You see it on the weather report practically every day, but just how often do we really see temperatures hit their average for the day?
You see them on the news every day, but what exactly goes into the average high and low for any given day in a calendar year? Even though we compare temperatures to averages, are they really all that common?
Let’s first talk about average temperatures. The average high on any given day is calculated by taking the high temperature on that day for a 30-year period and averaging those values. Now let’s define the 30-year period these temperatures are calculated from, because that changes at certain intervals. The World Meteorological Organization or WMO recommends that every 10 years these averages get updated. This has been the schedule for the climate averages: 1981-2010 (most recent numbers disseminated to the public), 1971-2000 and 1961-1990. These averages first originated in 1956 after the numbers from the 1921-1950 period were crunched.
Note: This almanac page is not recent, just showing an example of averages
So, with that in mind, we know that on Dec. 5, for instance, the average high temperature is calculated from adding up the high temperatures each year on Dec. 5 from 1981 to 2010 and dividing by 30. For Reagan National, this equals 50 degrees.
Now, how many times, say, in the past 5 years has the high been dead on 50 degrees on Dec. 5?
Well, checking the archives for Reagan National, I see this has not occurred at all. How many times has the high temperature hit the average dead on since the start of this month? Well, the first 2 days in December featured highs that nailed the average… Dec. 1 was 52 degrees and Saturday, Dec. 3 was 51 degrees. Of course, the weather pattern was ideal for these temperatures with sunny skies and light wind.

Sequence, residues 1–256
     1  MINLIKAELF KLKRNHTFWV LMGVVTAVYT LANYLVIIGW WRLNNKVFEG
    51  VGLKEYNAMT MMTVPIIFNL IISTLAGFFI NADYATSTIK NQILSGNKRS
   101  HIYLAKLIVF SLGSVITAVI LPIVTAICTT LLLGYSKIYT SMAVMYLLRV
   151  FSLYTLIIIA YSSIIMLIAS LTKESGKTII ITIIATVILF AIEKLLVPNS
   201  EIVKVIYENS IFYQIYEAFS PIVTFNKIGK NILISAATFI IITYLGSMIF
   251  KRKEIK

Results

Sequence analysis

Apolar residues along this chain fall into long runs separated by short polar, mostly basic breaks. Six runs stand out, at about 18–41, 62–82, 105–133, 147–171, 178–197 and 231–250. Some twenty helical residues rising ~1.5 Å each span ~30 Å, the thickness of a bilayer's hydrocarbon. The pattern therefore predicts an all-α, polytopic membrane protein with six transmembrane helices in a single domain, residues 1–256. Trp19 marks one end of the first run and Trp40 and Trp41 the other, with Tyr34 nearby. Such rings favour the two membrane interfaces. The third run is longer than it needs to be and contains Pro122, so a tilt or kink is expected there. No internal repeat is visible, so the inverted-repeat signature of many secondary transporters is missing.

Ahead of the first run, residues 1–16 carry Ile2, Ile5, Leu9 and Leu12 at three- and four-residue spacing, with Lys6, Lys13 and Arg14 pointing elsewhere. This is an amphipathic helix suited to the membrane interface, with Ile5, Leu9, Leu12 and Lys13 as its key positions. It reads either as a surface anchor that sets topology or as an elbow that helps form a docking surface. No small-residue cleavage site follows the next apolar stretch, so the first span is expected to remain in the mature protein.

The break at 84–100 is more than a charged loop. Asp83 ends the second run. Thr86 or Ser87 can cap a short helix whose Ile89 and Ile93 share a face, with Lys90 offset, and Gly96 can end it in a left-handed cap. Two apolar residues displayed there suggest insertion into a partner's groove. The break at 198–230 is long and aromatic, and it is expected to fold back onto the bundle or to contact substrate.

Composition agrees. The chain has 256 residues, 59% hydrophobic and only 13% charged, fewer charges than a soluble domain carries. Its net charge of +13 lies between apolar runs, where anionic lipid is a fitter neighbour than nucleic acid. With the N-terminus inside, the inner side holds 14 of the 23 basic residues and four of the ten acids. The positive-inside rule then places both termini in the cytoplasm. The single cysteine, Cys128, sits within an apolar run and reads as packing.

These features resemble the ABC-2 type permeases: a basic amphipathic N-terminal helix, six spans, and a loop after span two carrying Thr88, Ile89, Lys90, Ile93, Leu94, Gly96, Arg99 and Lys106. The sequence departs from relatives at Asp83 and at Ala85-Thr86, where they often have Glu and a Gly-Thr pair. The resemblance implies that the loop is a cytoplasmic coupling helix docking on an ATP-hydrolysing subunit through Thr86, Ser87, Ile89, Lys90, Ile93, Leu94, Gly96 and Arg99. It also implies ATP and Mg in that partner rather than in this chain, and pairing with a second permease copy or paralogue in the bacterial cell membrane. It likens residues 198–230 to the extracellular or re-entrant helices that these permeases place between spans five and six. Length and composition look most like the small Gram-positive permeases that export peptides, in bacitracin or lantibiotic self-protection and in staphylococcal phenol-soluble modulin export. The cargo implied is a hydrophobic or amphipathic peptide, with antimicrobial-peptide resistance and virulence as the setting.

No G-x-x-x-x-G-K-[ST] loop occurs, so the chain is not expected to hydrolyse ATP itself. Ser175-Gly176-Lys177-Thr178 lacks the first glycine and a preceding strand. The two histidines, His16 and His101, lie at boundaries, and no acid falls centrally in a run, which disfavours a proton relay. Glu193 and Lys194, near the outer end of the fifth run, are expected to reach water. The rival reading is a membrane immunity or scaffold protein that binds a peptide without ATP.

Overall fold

Now let’s examine last month… how many days hit average? The answer… none! Several were close though. Here’s a table with the days that came closest to the average highs.
|November 1, 2011||Actual High: 61 degrees; Average: 63 degrees|
|November 2, 2011||Actual High: 60 degrees; Average: 63 degrees|
|November 3, 2011||Actual High: 64 degrees; Average: 63 degrees|
|November 4, 2011||Actual High: 59 degrees; Average: 62 degrees|
|November 6, 2011||Actual High: 59 degrees; Average: 62 degrees|
|November 10, 2011||Actual High: 59 degrees; Average: 60 degrees|
|November 16, 2011||Actual High: 59 degrees; Average: 58 degrees|
|November 30, 2011||Actual High: 51 degrees; Average: 52 degrees|
You have to remember that the average temperature is the middle ground of extreme values. The average high for Dec. 5 is 50 degrees, but guess what? The warmest high on Dec. 5 at Reagan National was 71 degrees in 2001.
So, the next time you see average highs and lows on the television weather report, just keep in mind that is a statistical number that represents the balance between the extremes in temperatures going back 30 years for that particular day.